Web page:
The Yemeni civil war is a multidimensional conflict where local and national power struggles were aggravated by a regional proxy conflict. In March 2015, the Houthi Movement and military units loyal to former president Ali Abdullah Saleh, who seized control of the capital Sana’a in September 2014, dismissed the internationally recognised government led by Abdrabbuh Mansour Hadi, arrested several ministers and forced the President to flee. As the Houthi-Saleh forces were closing in on the southern port city of Aden, where President Hadi had sought refuge, Saudi Arabia formed a coalition of nine countries providing ground, air and naval support to restore Hadi’s government in Sana’a and prevent the Houthi-Saleh forces from overtaking Aden. Backed by the United States and the United Kingdom, the coalition included the United Arab Emirates (UAE), Bahrain, Kuwait, Morocco, Sudan, Egypt, Jordan and Qatar. Simultaneously, several militia groups known as the Popular Resistance mobilised across southern Yemen to oppose the Houthis’ takeover of the country. Since the Houthi-Saleh forces were repulsed from Aden, ground fighting has largely clustered along a frontline that stretches from the northern and central highlands of Marib and Al Jawf to the coast of Hodeidah, through the flashpoint city of Taiz. Saudi-led airstrikes have hit thousands of positions across Houthi-controlled territories, inflicting heavy losses to military forces and the civilian population, as well as severe damage to the country’s infrastructure. Despite sporadic peaks in fighting coinciding with large-scale military campaigns, such as Operation Golden Spear in January 2017, the levels of violence have remained sustained throughout the war, with high civilian and military fatalities. Al-Qaeda in the Arabian Peninsula (AQAP) and the Yemeni branch of the Islamic State (IS) exploited the ongoing unrest to expand their presence across central and southern Yemen. After seizing large swathes of territory in the provinces of Abyan, Shabwah and Hadramawt, AQAP took control of the port of Mukalla in 2015, from which they were ousted in 2016 following an Emirati-backed offensive. AQAP and IS have claimed several attacks against the Houthi-Saleh forces, and are believed to cooperate with Hadi-aligned Salafist militias in the south. In 2017, the two warring coalitions began to fracture. The secessionist Southern Movement, backed by local militias and the UAE, set up a Southern Transitional Council (STC) to seek independence from northern Yemen, rejecting the authority of President Hadi. The UAE is reportedly providing military and financial support to armed groups and military units loyal to the STC. In late 2017, increasing political divisions between Saleh's General People's Congress (GPC) and the Houthi Movement resulted in heavy battles between the Republican Guard loyal to the former president and the Houthi militias, which eventually led to the killing of Saleh in December.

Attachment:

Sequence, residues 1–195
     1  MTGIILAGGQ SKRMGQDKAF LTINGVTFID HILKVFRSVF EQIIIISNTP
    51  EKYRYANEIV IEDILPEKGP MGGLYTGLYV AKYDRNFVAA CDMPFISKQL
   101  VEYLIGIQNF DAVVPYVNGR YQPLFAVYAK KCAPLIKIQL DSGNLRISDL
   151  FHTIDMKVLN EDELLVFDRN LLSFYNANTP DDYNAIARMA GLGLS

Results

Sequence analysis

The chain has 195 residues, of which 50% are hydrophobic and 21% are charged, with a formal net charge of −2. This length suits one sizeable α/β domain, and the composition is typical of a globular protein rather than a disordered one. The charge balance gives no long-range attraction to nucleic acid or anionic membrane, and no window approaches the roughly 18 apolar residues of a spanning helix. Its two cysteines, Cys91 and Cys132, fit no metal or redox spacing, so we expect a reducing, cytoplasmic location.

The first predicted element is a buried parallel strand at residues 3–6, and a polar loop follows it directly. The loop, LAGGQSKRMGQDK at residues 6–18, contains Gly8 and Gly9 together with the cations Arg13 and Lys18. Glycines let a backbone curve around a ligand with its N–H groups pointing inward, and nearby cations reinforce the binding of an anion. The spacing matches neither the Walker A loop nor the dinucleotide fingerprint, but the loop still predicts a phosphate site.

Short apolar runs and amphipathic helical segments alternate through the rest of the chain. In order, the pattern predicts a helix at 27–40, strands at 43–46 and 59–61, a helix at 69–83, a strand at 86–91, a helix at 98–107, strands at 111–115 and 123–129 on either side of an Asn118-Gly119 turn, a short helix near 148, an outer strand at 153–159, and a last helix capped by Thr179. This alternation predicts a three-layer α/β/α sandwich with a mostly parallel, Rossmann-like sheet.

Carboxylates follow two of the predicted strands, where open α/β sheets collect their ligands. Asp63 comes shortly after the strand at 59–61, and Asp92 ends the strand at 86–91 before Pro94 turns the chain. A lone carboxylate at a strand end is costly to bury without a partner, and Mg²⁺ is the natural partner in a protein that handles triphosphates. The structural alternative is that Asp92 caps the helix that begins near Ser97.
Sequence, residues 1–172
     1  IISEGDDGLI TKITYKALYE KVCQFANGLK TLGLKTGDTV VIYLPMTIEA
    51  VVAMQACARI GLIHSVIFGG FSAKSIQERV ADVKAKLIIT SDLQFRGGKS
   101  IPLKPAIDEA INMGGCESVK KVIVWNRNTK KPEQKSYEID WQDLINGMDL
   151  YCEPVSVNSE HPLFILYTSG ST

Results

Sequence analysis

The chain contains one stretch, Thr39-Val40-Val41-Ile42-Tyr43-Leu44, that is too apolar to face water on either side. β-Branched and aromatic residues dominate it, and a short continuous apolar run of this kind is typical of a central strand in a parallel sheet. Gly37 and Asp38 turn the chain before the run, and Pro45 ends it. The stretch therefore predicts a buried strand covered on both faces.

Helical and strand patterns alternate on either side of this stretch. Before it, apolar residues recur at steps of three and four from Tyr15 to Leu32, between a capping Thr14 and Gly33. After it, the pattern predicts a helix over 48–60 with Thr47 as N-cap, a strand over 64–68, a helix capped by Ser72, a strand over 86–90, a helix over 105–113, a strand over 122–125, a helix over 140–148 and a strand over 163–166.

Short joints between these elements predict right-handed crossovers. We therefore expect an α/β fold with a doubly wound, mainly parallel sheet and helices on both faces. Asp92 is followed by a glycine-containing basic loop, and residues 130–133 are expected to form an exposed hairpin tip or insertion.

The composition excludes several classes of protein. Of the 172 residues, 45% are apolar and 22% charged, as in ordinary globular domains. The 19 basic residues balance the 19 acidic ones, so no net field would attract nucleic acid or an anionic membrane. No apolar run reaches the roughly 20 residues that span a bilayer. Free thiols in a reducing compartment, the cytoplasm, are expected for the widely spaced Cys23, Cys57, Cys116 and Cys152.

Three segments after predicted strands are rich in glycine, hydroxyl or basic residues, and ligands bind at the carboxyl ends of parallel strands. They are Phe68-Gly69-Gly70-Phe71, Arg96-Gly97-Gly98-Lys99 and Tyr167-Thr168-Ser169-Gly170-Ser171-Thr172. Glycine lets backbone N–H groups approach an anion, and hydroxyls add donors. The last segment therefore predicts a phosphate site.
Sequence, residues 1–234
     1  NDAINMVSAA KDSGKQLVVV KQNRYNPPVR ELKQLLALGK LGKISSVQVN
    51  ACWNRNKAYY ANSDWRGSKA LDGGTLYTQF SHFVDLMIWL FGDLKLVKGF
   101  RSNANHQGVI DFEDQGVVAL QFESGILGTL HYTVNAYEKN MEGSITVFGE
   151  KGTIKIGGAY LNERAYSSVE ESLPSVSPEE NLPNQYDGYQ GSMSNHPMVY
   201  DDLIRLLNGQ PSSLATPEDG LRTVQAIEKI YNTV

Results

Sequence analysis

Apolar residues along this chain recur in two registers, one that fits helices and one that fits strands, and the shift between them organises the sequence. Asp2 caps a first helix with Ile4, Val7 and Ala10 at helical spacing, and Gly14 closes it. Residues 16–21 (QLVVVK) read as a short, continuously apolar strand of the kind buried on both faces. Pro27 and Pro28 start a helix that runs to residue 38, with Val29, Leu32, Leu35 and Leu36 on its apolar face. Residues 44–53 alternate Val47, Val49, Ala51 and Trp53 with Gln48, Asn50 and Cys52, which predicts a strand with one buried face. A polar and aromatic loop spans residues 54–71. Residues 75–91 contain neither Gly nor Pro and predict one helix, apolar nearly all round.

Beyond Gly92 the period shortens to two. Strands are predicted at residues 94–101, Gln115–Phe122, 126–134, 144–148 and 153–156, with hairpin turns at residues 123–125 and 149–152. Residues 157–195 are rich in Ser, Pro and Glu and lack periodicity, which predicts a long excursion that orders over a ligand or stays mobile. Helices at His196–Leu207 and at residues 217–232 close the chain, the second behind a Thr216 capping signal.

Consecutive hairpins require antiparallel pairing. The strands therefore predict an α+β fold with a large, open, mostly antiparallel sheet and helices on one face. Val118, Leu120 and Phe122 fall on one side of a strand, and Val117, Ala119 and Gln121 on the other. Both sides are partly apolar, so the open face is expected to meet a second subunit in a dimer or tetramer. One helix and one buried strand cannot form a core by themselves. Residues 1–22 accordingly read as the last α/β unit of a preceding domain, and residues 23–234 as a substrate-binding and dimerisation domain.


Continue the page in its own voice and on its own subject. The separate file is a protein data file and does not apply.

Key Figures

Time Period: 2014-01-01 (ongoing)
Number of Events: 48,994
Reported Fatalities: 110,907
Reported Civilian Deaths from Direct Targeting: 12,526
Number of Armed Active Agents: 268

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